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Monday, December 31, 2012

on love, loss and being a million stupid miles away

I don’t know how to write about what I’m about to write about, but I also know I can’t write about anything else until I do.


Let me tell you about Kellie.  She was the best of the best.  One of my dearest.  The kindest soul, the most loving heart.  She was nothing but my very favorite adjectives.  Kind, thoughtful, generous, beautiful, smart, funny, amazing, Kellie.  She was a world traveler, a doctor, she was a rock star and, as fate would have it, she was dating a rock star.  Literally.  But.  She also had cancer.  Four-and-half years ago she was diagnosed with breast cancer.  These two words were heartbreaking.  To us, to her, to everything she had worked so hard to get.  She vowed to beat it and on those days when she didn’t feel like it, we reminded her she could.  And she did.  She beat the bananas out of it. 

And then I moved out of the country. 

Shortly thereafter it came back.  The cancer.  In all the wrong places -- as if there are any right places.  It was devastating.  To us, to her, to everything she had worked so hard to get back.  And to me.  Because I was now so far away, I couldn’t participate in the day to day.  I couldn’t rub her feet.  I couldn’t bring her dinner.  I couldn’t physically be there for her as I had before.  Many others thankfully were.

The second diagnosis was a terrible blow, but she found the courage and strength to face it.  She was determined to beat this life interrupter one more time.  And on those days when she didn’t feel like it, we reminded her -- me through email, texts and Skype -- that she did it before and she could do it again.  She would do it again.  And for a while, she was.  She was beating the bananas out of it. The lung cancer disappeared.  The brain cancer was getting smaller.  The clinical trial was a miracle.  She was a miracle.  She saw God.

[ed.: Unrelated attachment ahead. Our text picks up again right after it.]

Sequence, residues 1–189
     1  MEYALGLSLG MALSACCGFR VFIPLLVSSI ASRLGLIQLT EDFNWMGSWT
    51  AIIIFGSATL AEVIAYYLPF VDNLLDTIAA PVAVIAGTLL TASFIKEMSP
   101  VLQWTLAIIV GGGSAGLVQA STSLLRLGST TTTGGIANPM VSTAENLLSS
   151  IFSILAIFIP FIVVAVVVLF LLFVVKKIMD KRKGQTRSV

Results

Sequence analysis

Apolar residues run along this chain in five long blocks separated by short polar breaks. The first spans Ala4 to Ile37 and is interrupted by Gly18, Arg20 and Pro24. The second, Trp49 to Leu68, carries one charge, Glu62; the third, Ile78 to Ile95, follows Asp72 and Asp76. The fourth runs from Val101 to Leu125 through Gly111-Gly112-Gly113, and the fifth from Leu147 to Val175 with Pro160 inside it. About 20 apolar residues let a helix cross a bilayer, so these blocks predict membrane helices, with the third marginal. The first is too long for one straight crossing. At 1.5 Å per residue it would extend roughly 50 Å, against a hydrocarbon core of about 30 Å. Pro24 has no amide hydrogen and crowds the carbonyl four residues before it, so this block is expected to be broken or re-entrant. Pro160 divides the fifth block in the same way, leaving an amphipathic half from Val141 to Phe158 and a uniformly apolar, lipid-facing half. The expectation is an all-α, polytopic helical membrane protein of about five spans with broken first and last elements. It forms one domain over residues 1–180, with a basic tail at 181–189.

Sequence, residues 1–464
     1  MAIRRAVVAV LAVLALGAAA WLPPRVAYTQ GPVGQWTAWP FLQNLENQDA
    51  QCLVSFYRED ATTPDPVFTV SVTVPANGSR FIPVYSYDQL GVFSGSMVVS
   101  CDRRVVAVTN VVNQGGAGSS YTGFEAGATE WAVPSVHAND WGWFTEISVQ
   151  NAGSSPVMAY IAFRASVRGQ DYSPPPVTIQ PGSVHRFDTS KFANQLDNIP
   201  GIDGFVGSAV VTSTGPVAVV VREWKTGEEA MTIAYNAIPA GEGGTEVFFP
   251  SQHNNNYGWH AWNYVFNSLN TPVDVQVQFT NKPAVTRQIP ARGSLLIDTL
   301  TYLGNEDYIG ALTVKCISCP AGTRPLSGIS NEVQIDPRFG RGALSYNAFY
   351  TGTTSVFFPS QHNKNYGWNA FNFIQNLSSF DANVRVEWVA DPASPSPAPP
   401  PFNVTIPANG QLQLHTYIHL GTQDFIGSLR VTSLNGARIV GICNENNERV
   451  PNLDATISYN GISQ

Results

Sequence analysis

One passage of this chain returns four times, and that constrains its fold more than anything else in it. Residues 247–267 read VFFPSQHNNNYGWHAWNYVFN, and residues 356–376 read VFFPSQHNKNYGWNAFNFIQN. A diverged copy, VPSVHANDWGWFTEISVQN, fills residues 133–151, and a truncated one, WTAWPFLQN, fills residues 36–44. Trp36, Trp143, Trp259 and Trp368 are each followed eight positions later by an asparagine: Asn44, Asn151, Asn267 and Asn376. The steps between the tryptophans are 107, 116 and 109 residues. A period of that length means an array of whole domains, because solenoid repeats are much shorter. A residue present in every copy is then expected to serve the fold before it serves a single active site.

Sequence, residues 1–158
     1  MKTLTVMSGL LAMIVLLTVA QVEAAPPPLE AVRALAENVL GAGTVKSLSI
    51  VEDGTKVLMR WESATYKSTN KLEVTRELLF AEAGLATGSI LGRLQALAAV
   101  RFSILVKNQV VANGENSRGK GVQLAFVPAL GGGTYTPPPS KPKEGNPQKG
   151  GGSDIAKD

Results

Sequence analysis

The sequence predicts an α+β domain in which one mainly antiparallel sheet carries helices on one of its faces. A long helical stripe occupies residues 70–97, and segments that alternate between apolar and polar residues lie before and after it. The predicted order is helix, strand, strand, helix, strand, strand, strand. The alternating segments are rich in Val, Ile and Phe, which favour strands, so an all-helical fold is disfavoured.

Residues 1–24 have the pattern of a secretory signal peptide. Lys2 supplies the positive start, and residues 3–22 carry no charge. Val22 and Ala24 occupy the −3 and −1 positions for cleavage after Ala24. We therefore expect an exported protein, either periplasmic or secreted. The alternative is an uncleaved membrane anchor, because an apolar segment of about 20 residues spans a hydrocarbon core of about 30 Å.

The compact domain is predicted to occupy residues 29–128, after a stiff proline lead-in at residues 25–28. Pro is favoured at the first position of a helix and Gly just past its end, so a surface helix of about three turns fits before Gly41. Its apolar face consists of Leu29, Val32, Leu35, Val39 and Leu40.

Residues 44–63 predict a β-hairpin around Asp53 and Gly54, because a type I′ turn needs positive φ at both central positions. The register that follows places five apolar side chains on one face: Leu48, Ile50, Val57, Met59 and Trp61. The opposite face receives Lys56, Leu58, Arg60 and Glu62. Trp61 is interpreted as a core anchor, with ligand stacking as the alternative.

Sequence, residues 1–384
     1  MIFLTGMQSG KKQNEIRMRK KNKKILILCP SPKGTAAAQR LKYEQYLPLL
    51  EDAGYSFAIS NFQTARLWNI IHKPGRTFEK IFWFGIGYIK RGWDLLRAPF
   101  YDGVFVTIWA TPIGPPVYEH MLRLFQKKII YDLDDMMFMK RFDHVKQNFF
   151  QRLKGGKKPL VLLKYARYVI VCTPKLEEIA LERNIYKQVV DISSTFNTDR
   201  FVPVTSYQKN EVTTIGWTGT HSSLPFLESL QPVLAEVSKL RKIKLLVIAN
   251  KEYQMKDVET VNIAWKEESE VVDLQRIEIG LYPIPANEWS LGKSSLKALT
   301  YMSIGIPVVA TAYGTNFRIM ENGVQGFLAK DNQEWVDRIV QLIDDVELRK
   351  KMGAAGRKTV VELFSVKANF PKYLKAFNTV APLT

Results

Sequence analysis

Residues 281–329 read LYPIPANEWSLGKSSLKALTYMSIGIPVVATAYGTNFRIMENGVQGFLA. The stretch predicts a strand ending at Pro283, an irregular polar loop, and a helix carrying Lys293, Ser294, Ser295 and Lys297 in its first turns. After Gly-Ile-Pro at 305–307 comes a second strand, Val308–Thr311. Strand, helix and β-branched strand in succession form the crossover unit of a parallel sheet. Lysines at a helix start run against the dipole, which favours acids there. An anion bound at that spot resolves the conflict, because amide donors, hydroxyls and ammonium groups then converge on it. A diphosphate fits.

And then.  A month or so ago.  I don’t know why.  It all stopped working.  The clinical trial.  The miracle.  I prayed to God.  He felt very far away.  I felt further.

Kellie died on December 14th.   She was hardly forty.  She was the best of the best.  One of my dearest.  I will mourn her forever and celebrate her always.  She was nothing but my very favorite adjectives, and she always will be.  

And it is because of Kellie that I will be moving back to the country one day.  There was a moment, the day of the Newtown shootings, that I thought I wouldn't.  That I couldn't.  Hours later, on the same horrible day, I learned about my sweet friend and I knew I definitely would.

I don't know what it's like to lose a close friend when you're right next to them.  But I do know it's profoundly and unbearably painful to lose one when you're not.  The inevitability of life is death, and I want to be there for it all.  

The last text Kellie sent me was a week before her death.  “Hi, beautiful girl!!!!!!”  Three words, six exclams, all love.  That was Kellie.  


I miss you, beautiful girl!!!!!!

I so very much do.  

One of our many birthdays we were so lucky to celebrate together.
Kel is the beautiful smile in the upper right corner.